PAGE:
b/ that I’m a cow, who also has too much time to waste. Why not just talk to her in Vietnamese and get it over and done with in 10 seconds? Was I trying to show off? (No, because I had to use the most simple words, and it wasn’t like she’d be impressed if I could read Shakespears, which I can’t, by the way. So no, no showy-offy, moi.) Was I trying to (secretly) make a point, that “hey, I got here when I was seventeen, and this was pre-mobile-phone time, and never had any chance to meet a Vietnamese on the street to ask for help, so no, you’re going to have to try and speak English to me this time”? To which the answer is yes, in a way that was my thinking. Maybe I’m too strict, and just a tad arrogant?

Anyhoo, just a tale to tell. You all know I like to over-analyse things like that. Plus it was either musing such useless stuff for the 15-minute train ride, or listening to two teenage girls going “gosh i sooo, like, hate Kyle Sandilands, and, you know, like, he’s sooo awful, and gosh, if they’re not gonna sack him, like, right now, i’m sooo gonna, like, boycott that station.” So there you have it, this blog entry.

happy thursday!

~t2~

Not merely a mean of communication

Recently there’s this post on Stuff Asian People Like about Multilingualism and how Asians living in a western country are generally expected to speak at least two languages, one being their ancestors’ tongue. You should hop over for a read, great topic (admittedly, anything about languages is bound to grab my attention), well written post, and the comments are gold.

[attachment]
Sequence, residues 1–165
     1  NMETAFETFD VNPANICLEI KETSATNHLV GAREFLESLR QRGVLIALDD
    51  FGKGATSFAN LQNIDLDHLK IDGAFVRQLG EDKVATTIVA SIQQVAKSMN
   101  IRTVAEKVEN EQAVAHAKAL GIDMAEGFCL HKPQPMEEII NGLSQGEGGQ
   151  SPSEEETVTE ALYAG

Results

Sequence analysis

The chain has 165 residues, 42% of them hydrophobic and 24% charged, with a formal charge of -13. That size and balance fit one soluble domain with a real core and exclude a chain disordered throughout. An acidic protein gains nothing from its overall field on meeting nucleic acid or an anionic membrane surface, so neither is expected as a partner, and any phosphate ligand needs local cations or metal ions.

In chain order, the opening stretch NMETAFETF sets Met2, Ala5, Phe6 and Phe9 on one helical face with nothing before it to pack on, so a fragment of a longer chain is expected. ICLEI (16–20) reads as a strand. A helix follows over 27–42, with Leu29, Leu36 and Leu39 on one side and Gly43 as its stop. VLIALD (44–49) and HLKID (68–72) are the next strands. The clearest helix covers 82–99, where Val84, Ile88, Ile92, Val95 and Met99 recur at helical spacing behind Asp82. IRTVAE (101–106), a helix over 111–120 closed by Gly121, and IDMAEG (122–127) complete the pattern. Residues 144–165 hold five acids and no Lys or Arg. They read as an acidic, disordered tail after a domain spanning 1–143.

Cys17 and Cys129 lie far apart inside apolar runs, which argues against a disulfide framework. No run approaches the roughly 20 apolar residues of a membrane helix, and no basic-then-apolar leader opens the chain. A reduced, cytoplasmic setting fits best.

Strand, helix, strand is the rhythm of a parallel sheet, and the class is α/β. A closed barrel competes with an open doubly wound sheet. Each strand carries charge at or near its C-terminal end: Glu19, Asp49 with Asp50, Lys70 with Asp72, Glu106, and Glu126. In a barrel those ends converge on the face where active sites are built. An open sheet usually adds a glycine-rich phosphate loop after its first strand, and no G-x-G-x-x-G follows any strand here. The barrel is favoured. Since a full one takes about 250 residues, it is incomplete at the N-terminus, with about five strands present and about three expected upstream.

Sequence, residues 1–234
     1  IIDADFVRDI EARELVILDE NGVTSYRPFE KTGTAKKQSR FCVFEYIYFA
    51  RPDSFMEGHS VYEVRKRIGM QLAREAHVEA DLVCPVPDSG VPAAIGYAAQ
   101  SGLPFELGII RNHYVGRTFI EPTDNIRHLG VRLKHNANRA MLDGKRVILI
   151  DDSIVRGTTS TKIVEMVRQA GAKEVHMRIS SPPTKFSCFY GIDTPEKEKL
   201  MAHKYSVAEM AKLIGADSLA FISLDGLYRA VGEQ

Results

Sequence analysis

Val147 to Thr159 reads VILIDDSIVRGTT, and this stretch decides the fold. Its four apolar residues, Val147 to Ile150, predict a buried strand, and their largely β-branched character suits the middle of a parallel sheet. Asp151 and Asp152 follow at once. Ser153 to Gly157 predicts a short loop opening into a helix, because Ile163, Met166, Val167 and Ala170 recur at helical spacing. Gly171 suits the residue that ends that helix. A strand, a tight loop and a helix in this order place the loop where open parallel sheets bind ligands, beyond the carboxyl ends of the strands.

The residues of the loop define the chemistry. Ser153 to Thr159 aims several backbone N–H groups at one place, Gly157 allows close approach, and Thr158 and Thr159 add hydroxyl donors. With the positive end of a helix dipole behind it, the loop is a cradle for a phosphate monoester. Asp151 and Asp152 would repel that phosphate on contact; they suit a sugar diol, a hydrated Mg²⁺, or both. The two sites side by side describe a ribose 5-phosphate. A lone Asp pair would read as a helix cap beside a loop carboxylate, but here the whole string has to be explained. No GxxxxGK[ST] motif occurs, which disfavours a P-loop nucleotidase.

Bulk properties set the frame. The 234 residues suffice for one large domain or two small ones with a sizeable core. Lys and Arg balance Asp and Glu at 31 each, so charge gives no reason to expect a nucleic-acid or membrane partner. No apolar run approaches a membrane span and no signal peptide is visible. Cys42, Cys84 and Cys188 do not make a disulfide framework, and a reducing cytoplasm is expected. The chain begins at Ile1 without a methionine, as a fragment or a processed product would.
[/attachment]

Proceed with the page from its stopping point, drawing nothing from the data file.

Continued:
Here’s some of my thoughts on it:

Personally, I don’t mind people’s expectation of us (Asians living in another country) to be fluent in our mother tongue. Maybe it’s just me, and I’m a fanatic when it comes to language. But I say it’s a rather “good” expectation. It pushes us to learn.

And if you have the luck to be exposed to several different languages all at once, isn’t it a great opportunity to learn? Saves a lot on taking lessons. ) Also, in the case of recent immigrants, if you’ve already grown up with one language, it’s a shame to let it fade away. To me it’s like a precious asset. You should acquire new ones, but don’t lose the old one.

Each to their own, of course. But I admire people with good language skills. And by that I don’t only mean “people who speak many languages”, I also mean “people who may only know one language but is super good at it”. Either quantity or quality, it’s your call. And even better if you have both!

(Why pasted it again here? Because I’m so soaked in self-importance I just have to quote my own words, that’s why.)

Anyhoo, so after a string of comments, Shaun (the writer of the post) posed this question:

But from a practical point of view, wouldn’t it be far easier for international relations if we all spoke the same language? I suppose that’s why English has become so prominent in the past few decades.

And my answer to that is, Yes it’d be far easier. But it’d also become much more boring, unimaginative, repetitive, and FLAT. Because language is more than just a way to communicate. Hidden behind each and every word is a concept, a tradition, a culture, a lifestyle. Saying we ought to all speak English, to me, is like saying we should all dress in suits, eat bread, drive a Volvo, and sing “Yellow Submarine”.